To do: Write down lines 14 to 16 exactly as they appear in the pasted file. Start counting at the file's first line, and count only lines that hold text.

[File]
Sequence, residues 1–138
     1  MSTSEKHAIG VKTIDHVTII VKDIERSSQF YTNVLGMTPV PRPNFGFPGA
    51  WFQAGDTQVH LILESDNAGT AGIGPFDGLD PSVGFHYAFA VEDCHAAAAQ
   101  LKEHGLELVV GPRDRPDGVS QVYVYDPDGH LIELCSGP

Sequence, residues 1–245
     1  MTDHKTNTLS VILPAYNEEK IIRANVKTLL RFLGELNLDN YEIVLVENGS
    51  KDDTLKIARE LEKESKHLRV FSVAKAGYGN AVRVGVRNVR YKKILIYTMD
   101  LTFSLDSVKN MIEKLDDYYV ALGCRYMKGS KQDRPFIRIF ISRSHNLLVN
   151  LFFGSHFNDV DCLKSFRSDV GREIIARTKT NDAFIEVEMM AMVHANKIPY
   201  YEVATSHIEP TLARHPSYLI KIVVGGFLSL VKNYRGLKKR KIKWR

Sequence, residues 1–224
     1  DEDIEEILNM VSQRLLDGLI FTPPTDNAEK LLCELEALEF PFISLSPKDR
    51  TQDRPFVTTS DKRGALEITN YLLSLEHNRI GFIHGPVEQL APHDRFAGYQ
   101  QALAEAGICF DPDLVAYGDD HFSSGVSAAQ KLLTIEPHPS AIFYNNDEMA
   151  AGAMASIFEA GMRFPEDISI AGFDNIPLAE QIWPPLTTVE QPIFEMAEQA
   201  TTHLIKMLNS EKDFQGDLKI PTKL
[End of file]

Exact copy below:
   101  QALAEAGICF DPDLVAYGDD HFSSGVSAAQ KLLTIEPHPS AIFYNNDEMA
   151  AGAMASIFEA GMRFPEDISI AGFDNIPLAE QIWPPLTTVE QPIFEMAEQA
   201  TTHLIKMLNS EKDFQGDLKI PTKL